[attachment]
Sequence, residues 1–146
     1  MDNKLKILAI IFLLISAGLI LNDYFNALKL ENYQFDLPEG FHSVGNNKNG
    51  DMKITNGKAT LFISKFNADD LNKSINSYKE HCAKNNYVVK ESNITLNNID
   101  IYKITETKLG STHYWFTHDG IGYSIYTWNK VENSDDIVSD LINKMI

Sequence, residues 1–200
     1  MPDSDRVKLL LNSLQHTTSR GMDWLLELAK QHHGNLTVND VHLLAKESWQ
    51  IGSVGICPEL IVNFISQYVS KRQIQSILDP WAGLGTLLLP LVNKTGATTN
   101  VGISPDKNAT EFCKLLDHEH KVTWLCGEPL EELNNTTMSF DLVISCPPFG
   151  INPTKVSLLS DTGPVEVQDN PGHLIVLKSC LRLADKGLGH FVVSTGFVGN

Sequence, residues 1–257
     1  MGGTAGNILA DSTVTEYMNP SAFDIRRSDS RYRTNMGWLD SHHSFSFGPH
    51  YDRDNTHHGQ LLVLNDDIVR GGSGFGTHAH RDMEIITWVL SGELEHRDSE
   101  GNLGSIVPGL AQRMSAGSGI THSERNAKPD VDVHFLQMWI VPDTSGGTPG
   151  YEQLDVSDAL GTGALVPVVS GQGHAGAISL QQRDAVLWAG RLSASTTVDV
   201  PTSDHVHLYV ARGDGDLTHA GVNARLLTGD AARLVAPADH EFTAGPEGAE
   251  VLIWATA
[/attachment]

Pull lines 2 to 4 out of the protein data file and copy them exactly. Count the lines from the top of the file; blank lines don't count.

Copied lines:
     1  MDNKLKILAI IFLLISAGLI LNDYFNALKL ENYQFDLPEG FHSVGNNKNG
    51  DMKITNGKAT LFISKFNADD LNKSINSYKE HCAKNNYVVK ESNITLNNID
   101  IYKITETKLG STHYWFTHDG IGYSIYTWNK VENSDDIVSD LINKMI